by Sr. Rose Marie Tresp, RSM
Exodus 17:3-7 | Romans 5:1-2, 5-8 | John 4:5-42
“Therefore, the Samaritan woman said to him, “How is it that you being a Jew, ask me for a drink since I am a Samaritan woman?” (For Jews have no dealings with Samaritans.) Jesus answered and said to her, “If you knew the gift of God, and who it is who says to you, ‘Give me a drink,’ you would have asked him and he would have given you living water.” ~John 4:9-10
The Synod on the Amazon was heavily criticized by some as a threat to the purity of the Church, assuming that the only and preferred model of church is Eurocentric. Criticisms were leveled at the symbols used at the opening ceremony. In particular, the statue of a naked, pregnant, painted indigenous woman became the focal point of criticism. The statue was variously interpreted as idolatrous or as Our Lady of the Amazon or as the representation of the sacredness of nature.
Jesus, breaking custom and tradition, asks for water from the Samaritan woman. He is willing to receive the most basic symbol of life from a woman rejected by the Jews. Pope Francis and the participants at the Synod were Christlike in their willingness to receive wisdom and counsel from non-Eurocentric cultures. Unfortunately, this is threatening to some who see wisdom for the Church only coming from traditional sources.
- Take some time to learn about the results of the Synod on the Amazon.
- Learn from the some of the indigenous people in your area of the country.
This reflection was taken from Fasting Towards Freedom: Reflections for Lent 2020, by by Sr. Rose Marie Tresp, RSM and Michael Vazquez. The booklet is available for purchase as an electronic download here.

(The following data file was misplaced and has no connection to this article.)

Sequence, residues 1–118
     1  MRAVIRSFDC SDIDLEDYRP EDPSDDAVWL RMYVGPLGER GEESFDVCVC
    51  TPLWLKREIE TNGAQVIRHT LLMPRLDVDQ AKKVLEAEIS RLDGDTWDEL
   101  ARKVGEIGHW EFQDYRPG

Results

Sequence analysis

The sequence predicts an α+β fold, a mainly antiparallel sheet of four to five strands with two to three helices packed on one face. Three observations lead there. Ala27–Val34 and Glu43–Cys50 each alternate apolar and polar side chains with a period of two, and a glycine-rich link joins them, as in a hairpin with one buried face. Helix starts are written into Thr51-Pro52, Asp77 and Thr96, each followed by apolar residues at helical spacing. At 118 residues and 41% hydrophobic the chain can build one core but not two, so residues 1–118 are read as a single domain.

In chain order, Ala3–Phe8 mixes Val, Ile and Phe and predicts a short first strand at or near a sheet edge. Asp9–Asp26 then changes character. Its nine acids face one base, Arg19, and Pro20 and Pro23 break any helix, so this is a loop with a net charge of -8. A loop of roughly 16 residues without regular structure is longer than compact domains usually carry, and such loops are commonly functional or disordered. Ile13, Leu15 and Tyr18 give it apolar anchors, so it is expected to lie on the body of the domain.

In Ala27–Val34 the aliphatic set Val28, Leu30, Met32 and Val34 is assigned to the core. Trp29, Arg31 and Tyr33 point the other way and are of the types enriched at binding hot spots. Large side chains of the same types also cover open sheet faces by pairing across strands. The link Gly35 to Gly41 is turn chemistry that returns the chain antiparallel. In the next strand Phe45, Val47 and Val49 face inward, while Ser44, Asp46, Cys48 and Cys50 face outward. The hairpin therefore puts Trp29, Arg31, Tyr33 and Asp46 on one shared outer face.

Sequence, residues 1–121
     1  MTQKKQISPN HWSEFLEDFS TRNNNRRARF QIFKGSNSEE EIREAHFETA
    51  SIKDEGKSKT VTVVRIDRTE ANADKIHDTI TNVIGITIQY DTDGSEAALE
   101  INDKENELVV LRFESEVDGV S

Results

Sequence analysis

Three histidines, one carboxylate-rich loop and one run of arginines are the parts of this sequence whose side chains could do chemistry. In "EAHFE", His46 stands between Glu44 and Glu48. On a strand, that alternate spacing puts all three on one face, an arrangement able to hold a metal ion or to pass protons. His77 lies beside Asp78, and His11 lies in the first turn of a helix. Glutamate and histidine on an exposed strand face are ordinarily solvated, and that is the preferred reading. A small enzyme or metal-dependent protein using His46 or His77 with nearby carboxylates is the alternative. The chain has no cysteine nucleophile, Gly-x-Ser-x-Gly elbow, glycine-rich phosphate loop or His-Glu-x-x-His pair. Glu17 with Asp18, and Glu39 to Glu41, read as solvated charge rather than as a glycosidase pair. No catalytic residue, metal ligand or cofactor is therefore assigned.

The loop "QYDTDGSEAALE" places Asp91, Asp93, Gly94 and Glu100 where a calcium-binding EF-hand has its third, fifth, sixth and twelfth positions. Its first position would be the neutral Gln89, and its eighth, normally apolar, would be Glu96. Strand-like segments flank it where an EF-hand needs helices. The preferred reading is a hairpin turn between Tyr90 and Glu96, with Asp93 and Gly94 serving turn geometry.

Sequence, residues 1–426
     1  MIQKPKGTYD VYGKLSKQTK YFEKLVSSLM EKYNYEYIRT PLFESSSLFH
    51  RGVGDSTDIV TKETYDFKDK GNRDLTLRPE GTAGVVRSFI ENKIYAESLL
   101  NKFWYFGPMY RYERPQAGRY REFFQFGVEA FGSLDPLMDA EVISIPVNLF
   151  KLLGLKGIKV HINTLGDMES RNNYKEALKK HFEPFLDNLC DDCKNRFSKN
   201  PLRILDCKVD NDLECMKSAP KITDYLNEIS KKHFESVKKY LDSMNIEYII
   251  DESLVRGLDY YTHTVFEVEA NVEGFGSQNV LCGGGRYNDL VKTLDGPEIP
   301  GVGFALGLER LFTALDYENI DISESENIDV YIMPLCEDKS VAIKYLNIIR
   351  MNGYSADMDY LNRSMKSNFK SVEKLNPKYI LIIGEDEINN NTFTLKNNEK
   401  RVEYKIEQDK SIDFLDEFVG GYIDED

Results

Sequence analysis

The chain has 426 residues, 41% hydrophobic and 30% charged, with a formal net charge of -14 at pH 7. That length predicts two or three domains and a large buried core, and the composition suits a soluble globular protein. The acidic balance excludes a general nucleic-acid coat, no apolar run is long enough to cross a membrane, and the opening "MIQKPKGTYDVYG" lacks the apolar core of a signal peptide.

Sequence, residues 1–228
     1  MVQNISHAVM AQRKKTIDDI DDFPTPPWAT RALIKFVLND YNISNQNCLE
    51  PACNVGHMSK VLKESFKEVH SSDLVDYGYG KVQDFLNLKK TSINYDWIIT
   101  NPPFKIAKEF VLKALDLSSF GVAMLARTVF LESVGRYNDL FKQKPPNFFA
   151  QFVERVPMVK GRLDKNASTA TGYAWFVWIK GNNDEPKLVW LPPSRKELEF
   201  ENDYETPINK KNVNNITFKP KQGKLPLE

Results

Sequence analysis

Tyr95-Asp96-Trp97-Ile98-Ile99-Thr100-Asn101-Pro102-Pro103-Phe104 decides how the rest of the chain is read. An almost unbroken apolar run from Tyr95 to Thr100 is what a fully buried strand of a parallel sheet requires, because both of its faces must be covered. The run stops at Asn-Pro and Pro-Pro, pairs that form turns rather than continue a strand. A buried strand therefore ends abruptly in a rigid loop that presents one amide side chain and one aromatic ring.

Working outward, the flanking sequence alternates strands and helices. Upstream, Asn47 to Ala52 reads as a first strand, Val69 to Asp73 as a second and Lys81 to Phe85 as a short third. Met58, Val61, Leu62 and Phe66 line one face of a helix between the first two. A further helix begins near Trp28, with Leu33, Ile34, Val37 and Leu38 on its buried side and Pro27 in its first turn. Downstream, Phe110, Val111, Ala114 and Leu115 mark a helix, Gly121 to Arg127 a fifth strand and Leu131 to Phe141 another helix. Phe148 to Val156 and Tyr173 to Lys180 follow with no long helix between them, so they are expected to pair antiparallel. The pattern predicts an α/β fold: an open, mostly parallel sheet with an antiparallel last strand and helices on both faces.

For more resources for Lent 2020, visit our Lent 2020 page by clicking here.
6 thoughts on “Reflection for the Third Sunday of Lent, March 15”
It seems that this reading leads me to believe that we should consider the Amazon as mentioned as favored by the Church, a bit of elitism it sounds to me .
Suppose Jesus was a composite of wise teachers from times past and that this image made the teachings of Jesus accessible to simple unread people. The indigenous woman probably served somewhat the same purpose.
We need to embrace a new story that better defines God and puts God everywhere. We have moved away from personification of God to God is the Source of all things and inhabits all things without becoming all things. The Church has difficulty with new realities and will expire clinging to that which is conjured up as infallible teachings. A change is due and maybe people of the Amazon have a gift to give Rome.
The presence of Christ sings and acts in all cultures with a melody of freedom and a call to justice. The natural ways of human bonding become the womb for the extraordinary love of God transforming the tenderness of human love into the nearness and proximity of God with us. Christ invites an enlargement of the human mind and radical willingness of the human will. In those people who lead us out of ourselves, we discover the face of Christ and the radical proximity of the Spirit breaking into human hearts and wills with freedom, compassion and justice that is always the gift of our neighbor.
Beautiful reflections! I worked as a Maryknoll Associate Priest in the southeast Andes of Peru among the Aymara people who reverence Pachamama, Mother Earth, also identified with the Virgin Mary, as central to their faith and existence. Ever since Christianity expanded beyond its Jewish beginnings, it has integrated aspects of every culture it has encountered.
I’ve always believed that we can learn much from indiginous people. Especially where the earth is concerned. They knew and know that the earth and all it’s creatures are sacred.
The Church has to grow. All things must grow. Grow up. To remain Eurocentric, masagenist and patriarchal is to either and die.
At Pentecost the Holy Spirit came upon all. Men and women. The people heard their own languages. So God loves and calls to all people. Do we want to be found against the movement of the Holy Spirit?Lent is a good time to search our hearts. And what shall we find there. What shall I find there?
Thank you for saying “Learn from some of the indigenous people of your area of the country” – yay !